“On this day we learned that 50 people were cowardly murdered in Orlando only because of their sexual conditions. That same day we should all be in mourning, rethinking our hatred, our prejudices and our limits of understanding, some people came to attack me for representing a black woman. I’ve never been attacked for representing a macho playboy, even being gay. Also they did not mind that I played a nerd, an ugly woman, a vagabond, mother of a family or an angel…they never attacked me for representing the Senhora dos absurdos – a woman who is proud to be ridiculously white, rich and straight. But Ivonete – that is proud to be Brazilian, even being critical of Brazil, that is poor but does not feel morally inferior to anyone, who likes to be a woman and above all has self-esteem, self love and pride of being what she is – earned me unfair criticism. I’ve met many Ivonetes in my life and I’m proud of these women. Unlike other characters that I use to ridicule the type they represent, Ivonete exists to ridicule those who ridicule, because I want to laugh at people who don’t like the Ivonetes. Because I love Ivonete. She is black, she was born black and I have the same respect for her that I have with all people.”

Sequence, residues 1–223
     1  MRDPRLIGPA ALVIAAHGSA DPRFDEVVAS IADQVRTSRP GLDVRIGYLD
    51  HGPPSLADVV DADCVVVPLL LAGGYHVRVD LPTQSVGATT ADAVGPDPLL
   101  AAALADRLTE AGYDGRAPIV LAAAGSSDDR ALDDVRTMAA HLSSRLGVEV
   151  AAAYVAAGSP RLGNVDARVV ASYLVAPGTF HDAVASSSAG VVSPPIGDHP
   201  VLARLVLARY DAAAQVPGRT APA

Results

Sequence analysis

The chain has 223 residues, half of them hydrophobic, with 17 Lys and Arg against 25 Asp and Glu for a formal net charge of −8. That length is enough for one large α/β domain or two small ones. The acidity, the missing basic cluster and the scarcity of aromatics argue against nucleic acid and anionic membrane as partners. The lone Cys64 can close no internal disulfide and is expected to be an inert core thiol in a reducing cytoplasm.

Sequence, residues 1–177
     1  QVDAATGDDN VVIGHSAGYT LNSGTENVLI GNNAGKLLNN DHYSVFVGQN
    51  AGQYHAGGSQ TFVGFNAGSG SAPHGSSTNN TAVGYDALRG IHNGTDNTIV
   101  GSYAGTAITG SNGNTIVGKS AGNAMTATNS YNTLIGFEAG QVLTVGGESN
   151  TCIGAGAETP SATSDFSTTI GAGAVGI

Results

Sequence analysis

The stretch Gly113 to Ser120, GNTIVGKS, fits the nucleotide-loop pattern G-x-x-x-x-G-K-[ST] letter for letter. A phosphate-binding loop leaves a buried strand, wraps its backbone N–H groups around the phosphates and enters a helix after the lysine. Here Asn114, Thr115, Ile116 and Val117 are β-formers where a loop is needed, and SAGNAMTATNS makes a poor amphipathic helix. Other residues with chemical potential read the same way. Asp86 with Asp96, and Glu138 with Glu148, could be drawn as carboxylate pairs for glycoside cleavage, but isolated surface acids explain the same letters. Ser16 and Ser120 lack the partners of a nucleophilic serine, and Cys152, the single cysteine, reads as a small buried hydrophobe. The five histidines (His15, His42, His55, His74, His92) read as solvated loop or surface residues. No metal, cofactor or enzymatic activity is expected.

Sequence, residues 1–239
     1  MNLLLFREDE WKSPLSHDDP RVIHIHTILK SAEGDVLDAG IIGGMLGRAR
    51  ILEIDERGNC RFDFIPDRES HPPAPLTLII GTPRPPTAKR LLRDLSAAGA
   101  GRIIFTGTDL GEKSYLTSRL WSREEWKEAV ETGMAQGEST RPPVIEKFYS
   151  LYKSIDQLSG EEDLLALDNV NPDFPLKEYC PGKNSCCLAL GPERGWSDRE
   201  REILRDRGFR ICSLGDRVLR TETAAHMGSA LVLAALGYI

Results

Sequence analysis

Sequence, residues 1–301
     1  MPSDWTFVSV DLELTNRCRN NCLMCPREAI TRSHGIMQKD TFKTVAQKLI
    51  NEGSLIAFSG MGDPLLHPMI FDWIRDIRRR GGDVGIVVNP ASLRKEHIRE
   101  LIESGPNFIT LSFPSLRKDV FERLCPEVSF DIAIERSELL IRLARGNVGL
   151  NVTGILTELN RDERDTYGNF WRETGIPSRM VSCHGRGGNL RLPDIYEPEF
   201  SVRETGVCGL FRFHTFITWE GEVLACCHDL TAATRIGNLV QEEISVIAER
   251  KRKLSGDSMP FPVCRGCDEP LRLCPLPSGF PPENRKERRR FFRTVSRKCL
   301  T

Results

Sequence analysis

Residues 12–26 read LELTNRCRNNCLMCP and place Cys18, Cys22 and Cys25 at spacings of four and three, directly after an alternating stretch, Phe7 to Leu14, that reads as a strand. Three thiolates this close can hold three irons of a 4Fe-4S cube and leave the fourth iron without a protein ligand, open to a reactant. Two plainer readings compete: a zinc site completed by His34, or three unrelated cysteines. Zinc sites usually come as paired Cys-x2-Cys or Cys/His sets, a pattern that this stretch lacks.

Clearly, as the defense was extremely shallow and misguided, brought another barrage of criticism. Gustavo, made it clear that all he knows about the suffering of black people and the difficulties of being a black woman in Brazil is zero. He thinks black women are summarized in barraqueiras (trouble-makers), samba dancers and from the periphery (poor communities). I.e. extremely stereotypical. The curious thing is that all the people when they remember to “honor” blacks, end up strengthening the rancid racist, showing black people just the way that blacks can’t bear to be seen. Slaves, hoodlums, maids, drunkards, poor, hyper sexualized and a number of other things. The funny thing is to see a lot of white people, who don’t have the slightest idea of what being black is or suffer racism, want to take sides and argue that it is the old “mimimi” (whining) on the part of the person who complains. Others say that the world is more irritating because they cannot be racist in peace today.
Paulo Gustavo is an intelligent man, it’s not by chance the success of his characters and programs in which he participates. Because of this, he published another text, this time a little more lucid. Read the text below.